‘Best vaccine is one you can get in your arm today’: Indiana health officials report vaccine demand declining

Coronavirus

INDIANAPOLIS––“Hoosiers, COVID is still here and it is not going away any time soon. Please be vigilant and don’t let your guard down,” said State Health Commissioner Kris Box at Wednesday’s coronavirus update.

Dr. Box was joined by Chief Medical Officer Lindsay Weaver for the first public COVID-19 briefing since March 31.

ISDH reported 1,272 more positive coronavirus cases Wednesday and announced 19 additional confirmed COVID-19 deaths. Dr. Box explained the latest ISDH data indicates the state’s 7-day all-test positivity rate of 4.6%, with a cumulative rate of 8.9% positive.

Since the start of the pandemic, the state health department has reported 717,564 total positive cases and 12,902 total deaths in Indiana.

Dr. Box reported that there are currently 1,100 cases of the coronavirus variant in Indiana–with the UK variant becoming the most dominant. She announced the state will be adding a feature to the COVID-19 dashboard at Coronavirus.In.Gov which will identify the types of variants and breakdown the case numbers.

She said daily hospital admissions for COVID-19 are lower than November, but have still been trending up in the past few weeks. Dr. Box wants to see those numbers trend back down.

Dr. Box reported that the federal government is encouraging testing in schools, but the state of Indiana has not mandated testing in schools. The state will continue to promote self-screening at home and encourage residents and students to take advantage of over 300 testing sites across Indiana.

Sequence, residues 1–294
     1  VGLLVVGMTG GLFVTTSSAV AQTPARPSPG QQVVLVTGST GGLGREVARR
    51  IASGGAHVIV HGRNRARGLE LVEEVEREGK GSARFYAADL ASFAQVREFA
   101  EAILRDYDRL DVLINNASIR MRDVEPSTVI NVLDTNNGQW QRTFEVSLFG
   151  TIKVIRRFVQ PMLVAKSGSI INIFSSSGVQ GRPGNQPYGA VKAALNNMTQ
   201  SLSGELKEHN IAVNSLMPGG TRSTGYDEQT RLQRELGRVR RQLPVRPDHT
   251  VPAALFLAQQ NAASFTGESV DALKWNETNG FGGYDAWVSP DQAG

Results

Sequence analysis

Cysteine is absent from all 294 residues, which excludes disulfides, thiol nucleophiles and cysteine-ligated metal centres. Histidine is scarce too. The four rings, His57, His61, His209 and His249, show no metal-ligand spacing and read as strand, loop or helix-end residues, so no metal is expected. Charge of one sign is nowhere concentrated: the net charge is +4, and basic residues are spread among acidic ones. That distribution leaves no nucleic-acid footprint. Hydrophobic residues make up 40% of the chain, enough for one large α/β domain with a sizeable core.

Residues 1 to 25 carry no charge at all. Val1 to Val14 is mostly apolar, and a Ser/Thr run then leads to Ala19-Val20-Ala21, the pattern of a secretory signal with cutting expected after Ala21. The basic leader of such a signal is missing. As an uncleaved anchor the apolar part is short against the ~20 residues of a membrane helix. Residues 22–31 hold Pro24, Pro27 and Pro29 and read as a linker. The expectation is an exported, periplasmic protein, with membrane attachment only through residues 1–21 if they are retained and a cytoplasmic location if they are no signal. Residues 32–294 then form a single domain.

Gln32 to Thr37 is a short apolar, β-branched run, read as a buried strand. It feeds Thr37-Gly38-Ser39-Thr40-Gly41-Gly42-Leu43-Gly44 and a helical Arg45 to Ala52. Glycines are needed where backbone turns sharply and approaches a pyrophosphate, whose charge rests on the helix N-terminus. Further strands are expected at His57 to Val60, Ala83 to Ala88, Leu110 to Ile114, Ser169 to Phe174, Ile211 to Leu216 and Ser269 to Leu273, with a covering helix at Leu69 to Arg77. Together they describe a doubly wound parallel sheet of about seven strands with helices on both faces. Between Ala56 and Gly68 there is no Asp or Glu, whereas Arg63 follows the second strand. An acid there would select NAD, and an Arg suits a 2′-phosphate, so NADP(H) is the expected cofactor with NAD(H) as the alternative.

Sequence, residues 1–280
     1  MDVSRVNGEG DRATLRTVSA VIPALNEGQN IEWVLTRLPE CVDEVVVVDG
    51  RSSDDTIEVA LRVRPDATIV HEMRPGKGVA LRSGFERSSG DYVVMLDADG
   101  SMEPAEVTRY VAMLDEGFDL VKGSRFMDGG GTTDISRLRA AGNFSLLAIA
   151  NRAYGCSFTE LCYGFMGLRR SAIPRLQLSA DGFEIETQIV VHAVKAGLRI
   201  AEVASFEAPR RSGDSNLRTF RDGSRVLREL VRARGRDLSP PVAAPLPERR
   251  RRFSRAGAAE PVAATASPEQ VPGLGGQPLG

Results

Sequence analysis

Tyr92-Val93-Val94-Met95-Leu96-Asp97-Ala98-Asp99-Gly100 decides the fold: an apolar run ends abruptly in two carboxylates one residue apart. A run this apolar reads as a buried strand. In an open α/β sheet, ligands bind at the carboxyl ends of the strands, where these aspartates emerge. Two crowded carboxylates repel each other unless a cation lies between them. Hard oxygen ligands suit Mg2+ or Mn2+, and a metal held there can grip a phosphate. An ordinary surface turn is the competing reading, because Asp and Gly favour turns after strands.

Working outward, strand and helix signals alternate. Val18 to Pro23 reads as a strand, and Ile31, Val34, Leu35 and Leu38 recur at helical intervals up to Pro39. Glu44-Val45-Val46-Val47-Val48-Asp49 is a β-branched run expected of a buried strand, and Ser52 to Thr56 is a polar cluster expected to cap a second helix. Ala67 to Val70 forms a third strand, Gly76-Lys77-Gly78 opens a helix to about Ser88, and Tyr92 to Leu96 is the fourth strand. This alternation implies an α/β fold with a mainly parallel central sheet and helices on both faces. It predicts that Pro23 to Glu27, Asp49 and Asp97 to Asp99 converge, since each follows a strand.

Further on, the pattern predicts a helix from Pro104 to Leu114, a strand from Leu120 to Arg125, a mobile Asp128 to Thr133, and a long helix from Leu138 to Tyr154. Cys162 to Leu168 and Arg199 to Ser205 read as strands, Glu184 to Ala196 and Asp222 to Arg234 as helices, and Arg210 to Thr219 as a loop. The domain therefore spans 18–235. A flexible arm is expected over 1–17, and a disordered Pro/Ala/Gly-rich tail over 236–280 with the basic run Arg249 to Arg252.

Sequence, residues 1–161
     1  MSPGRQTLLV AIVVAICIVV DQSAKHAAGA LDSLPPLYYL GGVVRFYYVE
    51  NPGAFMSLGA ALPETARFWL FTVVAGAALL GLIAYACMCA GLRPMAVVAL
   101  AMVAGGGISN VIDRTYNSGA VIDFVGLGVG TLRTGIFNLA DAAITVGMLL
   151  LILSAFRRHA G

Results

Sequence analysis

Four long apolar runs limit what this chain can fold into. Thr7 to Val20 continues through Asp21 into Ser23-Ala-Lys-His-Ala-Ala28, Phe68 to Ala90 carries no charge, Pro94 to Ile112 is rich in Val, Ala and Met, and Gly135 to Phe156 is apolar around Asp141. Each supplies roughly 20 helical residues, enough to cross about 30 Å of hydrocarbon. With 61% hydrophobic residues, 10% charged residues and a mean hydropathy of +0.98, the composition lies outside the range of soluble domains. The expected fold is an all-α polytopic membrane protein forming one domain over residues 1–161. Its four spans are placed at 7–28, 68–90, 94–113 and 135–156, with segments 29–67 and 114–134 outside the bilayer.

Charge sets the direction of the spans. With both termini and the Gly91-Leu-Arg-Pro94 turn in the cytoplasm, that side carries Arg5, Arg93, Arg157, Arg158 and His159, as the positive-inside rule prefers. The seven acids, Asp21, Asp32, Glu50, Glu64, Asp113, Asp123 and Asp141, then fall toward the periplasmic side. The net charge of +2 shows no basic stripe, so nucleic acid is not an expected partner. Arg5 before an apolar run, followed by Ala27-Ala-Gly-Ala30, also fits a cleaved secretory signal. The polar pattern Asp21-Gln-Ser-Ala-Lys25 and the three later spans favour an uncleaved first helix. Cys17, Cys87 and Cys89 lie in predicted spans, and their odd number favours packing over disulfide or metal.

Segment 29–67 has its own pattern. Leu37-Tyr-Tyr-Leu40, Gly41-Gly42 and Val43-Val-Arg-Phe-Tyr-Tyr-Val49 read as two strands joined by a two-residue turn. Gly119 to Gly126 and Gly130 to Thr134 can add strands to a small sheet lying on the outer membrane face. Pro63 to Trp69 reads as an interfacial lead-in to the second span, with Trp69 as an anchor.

Indiana has adopted the CDC guidelines for fully vaccinated residents at long-term care facilities, said Dr. Box. 

Dr. Weaver shared the breakdown of numbers as part of the state’s vaccination effort. She reported only one third of eligible Hoosiers are vaccinated. 

Dr. Weaver said we need to reach younger age groups as the greatest increase of COVID-19 cases are in the ages of the 20s and 30s–where vaccination rate is lowest.

She noted that Indiana is seeing a decline in vaccine demand, that’s why the state is continuing to promote availability. 

Dr. Weaver cited tools used over the past months to remove barriers and construct the statewide public awareness campaigns including radio and TV spots, as well billboards and bus wraps. 

She explained the use of the FEMA public awareness system in Marion County and Gary. Dr. Weaver said the state wanted to assure Hoosiers in Central Indiana that the Johnson & Johnson and the Pfizer vaccines were available and no appointment was needed.

These public alerts are valuable tools, and “we do not take its use lightly,” said Dr. Weaver. She added that the number of scheduled appointments at the mass vaccine clinic at IMS doubled after the alert and walk-in traffic increased.

While some residents continue to be concerned about the Johnson & Johnson vaccine, Dr. Weaver restated that the CDC lifted the pause after rare blood clotting was found in a few patients–seven cases per 1 million among women, less than 1 per million in men–far less than the risk of blood clotting after contracting the coronavirus.

“The best vaccine is the one that you can get in your arm today,” said Dr. Weaver.

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